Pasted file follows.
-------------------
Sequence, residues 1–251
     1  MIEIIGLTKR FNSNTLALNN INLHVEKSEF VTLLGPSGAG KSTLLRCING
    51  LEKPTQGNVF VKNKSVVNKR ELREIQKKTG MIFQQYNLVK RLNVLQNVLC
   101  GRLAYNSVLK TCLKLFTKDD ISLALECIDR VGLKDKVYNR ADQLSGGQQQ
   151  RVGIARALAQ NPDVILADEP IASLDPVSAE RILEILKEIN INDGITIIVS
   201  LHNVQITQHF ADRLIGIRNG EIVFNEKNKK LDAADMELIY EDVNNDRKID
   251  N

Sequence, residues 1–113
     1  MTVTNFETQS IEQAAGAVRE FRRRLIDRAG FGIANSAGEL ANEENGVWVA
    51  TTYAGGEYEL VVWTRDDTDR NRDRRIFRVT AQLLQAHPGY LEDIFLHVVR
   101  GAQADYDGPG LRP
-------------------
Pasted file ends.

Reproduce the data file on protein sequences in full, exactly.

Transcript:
Sequence, residues 1–251
     1  MIEIIGLTKR FNSNTLALNN INLHVEKSEF VTLLGPSGAG KSTLLRCING
    51  LEKPTQGNVF VKNKSVVNKR ELREIQKKTG MIFQQYNLVK RLNVLQNVLC
   101  GRLAYNSVLK TCLKLFTKDD ISLALECIDR VGLKDKVYNR ADQLSGGQQQ
   151  RVGIARALAQ NPDVILADEP IASLDPVSAE RILEILKEIN INDGITIIVS
   201  LHNVQITQHF ADRLIGIRNG EIVFNEKNKK LDAADMELIY EDVNNDRKID
   251  N

Sequence, residues 1–113
     1  MTVTNFETQS IEQAAGAVRE FRRRLIDRAG FGIANSAGEL ANEENGVWVA
    51  TTYAGGEYEL VVWTRDDTDR NRDRRIFRVT AQLLQAHPGY LEDIFLHVVR
   101  GAQADYDGPG LRP